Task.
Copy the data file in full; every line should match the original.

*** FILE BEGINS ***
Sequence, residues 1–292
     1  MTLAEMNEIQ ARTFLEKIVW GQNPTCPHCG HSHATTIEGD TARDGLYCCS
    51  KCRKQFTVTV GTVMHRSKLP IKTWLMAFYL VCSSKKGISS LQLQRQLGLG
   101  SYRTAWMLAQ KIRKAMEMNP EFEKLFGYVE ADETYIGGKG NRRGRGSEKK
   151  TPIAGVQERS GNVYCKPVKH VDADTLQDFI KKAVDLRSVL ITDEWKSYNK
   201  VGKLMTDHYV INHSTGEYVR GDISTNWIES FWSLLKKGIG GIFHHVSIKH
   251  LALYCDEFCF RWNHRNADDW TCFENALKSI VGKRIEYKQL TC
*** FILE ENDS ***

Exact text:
Sequence, residues 1–292
     1  MTLAEMNEIQ ARTFLEKIVW GQNPTCPHCG HSHATTIEGD TARDGLYCCS
    51  KCRKQFTVTV GTVMHRSKLP IKTWLMAFYL VCSSKKGISS LQLQRQLGLG
   101  SYRTAWMLAQ KIRKAMEMNP EFEKLFGYVE ADETYIGGKG NRRGRGSEKK
   151  TPIAGVQERS GNVYCKPVKH VDADTLQDFI KKAVDLRSVL ITDEWKSYNK
   201  VGKLMTDHYV INHSTGEYVR GDISTNWIES FWSLLKKGIG GIFHHVSIKH
   251  LALYCDEFCF RWNHRNADDW TCFENALKSI VGKRIEYKQL TC